Whether you’re a pro at managing relationships outside of the office or it’s something entirely new to you, receiving feedback from your coworker is incredibly important. Just as you notice different work styles with the colleagues around you, the same can be said for someone you work with remotely. It’s important to learn if that person responds well to certain expectations. Do they appreciate more guidance or less? Are there certain projects that they prefer to work on over the phone or will email suffice? These types of considerations vary from person to person and it’s crucial to understand these preferences in order to accomplish the maximum amount of production.

Encourage collaboration with others in the office
It’s easy to feel isolated when you work remotely and I’m guessing it’s quite common to feel disconnected with a handful of employees in the office. Feeling welcome and comfortable with a team of colleagues is incredibly important to someone’s success. In my situation, I work very closely with the Latin American coordinator, whereas many of my colleagues are not expected to. I’ve found that connecting them on various projects creates a sense of teamwork that would otherwise be difficult to feel when you’re 2,000 miles away.

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Out of the office? I got your back!

animals I got your back

Traveling outside of the office is not a foreign concept in our line of work at AMPED. From board meetings to site visits, you can usually find at least one of our staff members traveling around the country at any point throughout the year. While the majority of these trips are quick, sometimes our “out of office” replies are scheduled for a much longer period of time. During these longer meetings, I’ve come to learn that supporting your colleagues while they are out of the office and vice versa is crucial. 

Just this week, half of our AMPED team is in Boston, Mass. organizing an 8,000-attendee conference. With a meeting of this capacity, our team certainly has their hands full. There’s a lot to consider, both with this client’s meeting and our other clients who still deserve our attention. With so much on the line, how does our office make everything run so smoothly?

The first step is to make sure that everyone is knowledgeable about the event that is taking place. There’s a very high chance that those who are most familiar with the event are onsite and may not be available to answer emails or phone calls. So it’s important that those in the office know enough about the meeting to respond to any questions that may come up. It’s typical to have phone calls pour in after the launch of the meeting. Everyone must be prepared to answer questions like, “Can I still register onsite?” or “Where can I find parking?”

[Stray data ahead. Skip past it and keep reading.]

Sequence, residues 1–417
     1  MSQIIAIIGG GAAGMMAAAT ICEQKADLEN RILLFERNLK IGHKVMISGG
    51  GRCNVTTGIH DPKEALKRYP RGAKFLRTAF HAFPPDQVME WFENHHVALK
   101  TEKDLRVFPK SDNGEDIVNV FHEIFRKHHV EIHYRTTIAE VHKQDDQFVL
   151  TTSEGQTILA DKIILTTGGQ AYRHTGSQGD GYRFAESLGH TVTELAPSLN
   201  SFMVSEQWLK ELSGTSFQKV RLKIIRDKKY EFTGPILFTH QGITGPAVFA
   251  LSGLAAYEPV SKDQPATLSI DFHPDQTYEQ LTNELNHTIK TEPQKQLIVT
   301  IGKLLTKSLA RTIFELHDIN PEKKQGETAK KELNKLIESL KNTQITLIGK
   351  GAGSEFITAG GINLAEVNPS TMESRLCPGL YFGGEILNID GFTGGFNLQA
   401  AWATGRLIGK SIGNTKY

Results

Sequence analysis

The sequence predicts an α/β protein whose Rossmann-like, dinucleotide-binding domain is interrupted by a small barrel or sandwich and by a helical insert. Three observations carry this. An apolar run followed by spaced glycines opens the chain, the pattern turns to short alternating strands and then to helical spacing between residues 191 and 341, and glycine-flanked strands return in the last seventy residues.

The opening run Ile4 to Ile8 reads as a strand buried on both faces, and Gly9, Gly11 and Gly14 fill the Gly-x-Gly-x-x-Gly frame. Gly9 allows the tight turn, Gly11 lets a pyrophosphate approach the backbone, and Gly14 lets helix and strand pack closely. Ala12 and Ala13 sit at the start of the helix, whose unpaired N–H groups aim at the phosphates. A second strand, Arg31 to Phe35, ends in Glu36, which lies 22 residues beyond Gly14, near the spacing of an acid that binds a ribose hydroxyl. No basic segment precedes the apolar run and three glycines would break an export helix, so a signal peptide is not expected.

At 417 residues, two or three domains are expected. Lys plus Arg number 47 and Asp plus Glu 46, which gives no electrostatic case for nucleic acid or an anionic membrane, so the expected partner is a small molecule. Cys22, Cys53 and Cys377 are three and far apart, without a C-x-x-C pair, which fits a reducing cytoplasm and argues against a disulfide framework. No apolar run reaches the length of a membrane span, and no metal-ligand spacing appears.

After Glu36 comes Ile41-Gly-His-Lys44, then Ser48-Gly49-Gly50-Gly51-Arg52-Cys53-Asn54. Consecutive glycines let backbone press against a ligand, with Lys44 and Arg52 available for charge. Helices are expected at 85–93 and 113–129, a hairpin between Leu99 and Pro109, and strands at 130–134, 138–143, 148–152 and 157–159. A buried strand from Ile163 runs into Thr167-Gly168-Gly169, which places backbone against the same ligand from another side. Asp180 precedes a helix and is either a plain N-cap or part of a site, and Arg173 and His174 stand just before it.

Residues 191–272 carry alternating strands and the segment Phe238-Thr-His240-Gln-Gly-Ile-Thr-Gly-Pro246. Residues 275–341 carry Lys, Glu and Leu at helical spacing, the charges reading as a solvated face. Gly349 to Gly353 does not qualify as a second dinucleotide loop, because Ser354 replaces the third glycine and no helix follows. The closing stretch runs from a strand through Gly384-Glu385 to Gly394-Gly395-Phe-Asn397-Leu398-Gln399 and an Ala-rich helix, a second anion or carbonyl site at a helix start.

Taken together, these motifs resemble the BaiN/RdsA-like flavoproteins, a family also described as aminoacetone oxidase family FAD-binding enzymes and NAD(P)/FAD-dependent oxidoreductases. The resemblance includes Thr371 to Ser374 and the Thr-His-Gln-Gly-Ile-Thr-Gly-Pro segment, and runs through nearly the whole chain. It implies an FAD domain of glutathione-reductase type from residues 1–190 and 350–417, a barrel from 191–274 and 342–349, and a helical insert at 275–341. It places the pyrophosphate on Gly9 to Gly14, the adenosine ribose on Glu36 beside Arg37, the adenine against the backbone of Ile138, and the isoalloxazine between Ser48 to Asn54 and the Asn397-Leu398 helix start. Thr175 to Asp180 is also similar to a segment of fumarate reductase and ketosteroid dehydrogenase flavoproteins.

One way to educate the entire staff is to hold a staff meeting – something that AMPED President and Owner Lynda Patterson did one week prior to our event in Boston. A high-level overview was provided, as well as detailed instructions on where staff could locate valuable meeting information. This type of planning makes it easier on all of those involved – onsite staff aren’t distracted with minor questions and staff at headquarters aren’t tirelessly searching for answers.

It’s also important that we provide support to our colleagues and their other projects and clients while they are out of the office. At AMPED, we are committed to providing ongoing attention to all our clients. Just because there is a big meeting taking place for one client, doesn’t mean our other clients take a backseat. We accomplish this by shifting some work around in the short-term so that all of our bases are covered. Adhering to deadlines, responding to emails and remaining on top of things are always a priority — meeting or no meeting. Before our colleagues leave, it’s essential that we meet with those who need your assistance while they are away and create a list of assignments that must be completed. Reviewing and prioritizing the assignments will ensure that there is a complete understanding of expectations. It’s also a good idea to check in periodically with your colleague while they are out of office.

Traveling out of the office for business can be exhausting. With flights to catch, meetings to coordinate and endless logistics to consider, there’s always a lot on one’s mind. It’s important that you’re able to focus and to give it everything you have onsite. You don’t need these important moments to be shadowed with worry as you wonder what’s going on back at the office or what your email looks like. Depend on your colleagues – they have your back! At least I know mine do.

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Angelou quotes inspire in life and work

MayaAngelouQUOTEInspirational quotes: We’ve heard our teachers recite them, we’ve shared them in presentations and we even read them in signature lines of emails. To be honest, I actually considered using a quote to begin this blog. Remember when we all learned in middle school English to use a famous quote or thought to begin our papers? I sure do and, admittedly, I carry that with me to this day.